Design phase begins for university’s West End Neighborhoodby Princine Lewis Oct. 2, 2017, 12:01 AM
A major component of the Academic Strategic Plan and FutureVU, Vanderbilt’s comprehensive land use plan, is re-imagining what has been dubbed the “West End Neighborhood” – the area comprising Carmichael Towers, Greek Row and West Side Row along West End Avenue.
Following up on a series of community meetings and working group efforts, today the university shared the current status of planning for the neighborhood’s transformation over the next several years. The goal is to enhance the residential living and learning experience for all students.
The design for the West End Neighborhood includes new College Halls, a beautification project to give the area a park like feel and a significant transformation of Greek Row within its existing footprint.
“The plans for the West End Neighborhood, and the entire FutureVU process, reflect Vanderbilt’s commitment to use the physical campus to reflect our academic mission and our values of equity, inclusion, friendship and community,” Chancellor Nicholas S. Zeppos said. “The feedback from students, faculty, staff, alumni and others throughout the planning was critical to inform the creation of spaces that are truly welcoming and inspire growth and learning.”
The newest College Halls would ultimately replace Carmichael Towers and, based on the current design plan, extend into the existing Greek Row neighborhood. The university plans to work with the organizations located in the proposed footprint, Delta Kappa Epsilon and Zeta Tau Alpha, as well as with other organizations in the area wherein the university would utilize sites to build new homes and spaces. This includes Kappa Sigma, Lambda Chi Alpha and the National Pan-Hellenic Council. Design planning would also include the university building a new multipurpose space in the area that can be used by Multicultural Leadership Council groups and other student organizations. The multipurpose space is intended to make the neighborhood more inclusive as it provides the opportunity for a variety of student organizations without exclusive-use spaces, including Greek organizations, to have a place to host events in the neighborhood.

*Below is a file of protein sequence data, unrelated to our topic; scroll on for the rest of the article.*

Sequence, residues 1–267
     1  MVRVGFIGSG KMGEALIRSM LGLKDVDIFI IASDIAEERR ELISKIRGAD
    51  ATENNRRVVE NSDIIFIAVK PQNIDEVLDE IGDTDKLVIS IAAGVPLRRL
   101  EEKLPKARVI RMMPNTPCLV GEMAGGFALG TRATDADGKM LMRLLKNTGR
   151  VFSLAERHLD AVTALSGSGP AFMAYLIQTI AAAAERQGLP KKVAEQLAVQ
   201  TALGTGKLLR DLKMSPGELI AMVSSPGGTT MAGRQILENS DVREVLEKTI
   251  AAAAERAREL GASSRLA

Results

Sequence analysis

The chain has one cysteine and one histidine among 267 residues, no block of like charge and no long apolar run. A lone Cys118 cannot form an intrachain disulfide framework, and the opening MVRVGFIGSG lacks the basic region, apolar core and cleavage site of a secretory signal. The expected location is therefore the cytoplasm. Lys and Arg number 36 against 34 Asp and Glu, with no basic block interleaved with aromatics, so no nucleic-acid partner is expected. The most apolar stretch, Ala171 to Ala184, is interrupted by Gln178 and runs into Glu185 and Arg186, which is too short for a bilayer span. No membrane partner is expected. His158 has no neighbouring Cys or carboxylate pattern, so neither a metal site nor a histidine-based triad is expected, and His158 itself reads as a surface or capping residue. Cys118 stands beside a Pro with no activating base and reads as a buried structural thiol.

Transformation of the West End Neighborhood and Greek Row is intended to be consistent with the ideals of FutureVU. The intent/plan is to beautify the area into a park like setting with tree-lined pathways and streets to separate pedestrians and cars; roads limited, where possible, to access for emergency purposes; pedestrian and biking friendly zones, and more open spaces for community activities and events.
“The West End Neighborhood, once fully realized, will showcase the importance Vanderbilt places on extending learning beyond the classroom to spaces where students feel welcomed and can interact and learn from each other,” Provost and Vice Chancellor for Academic Affairs Susan R. Wente said. “Expanding the College Halls residential college model is an important pillar of the university’s Academic Strategic Plan. Our goal is for all students to live in a place where they can experience the same feelings of community that is evident at the Martha Rivers Ingram Commons, the Warren-Moore Colleges and in our living-learning communities at the McGill Project, McTyeire International House and the Mayfield Lodges.”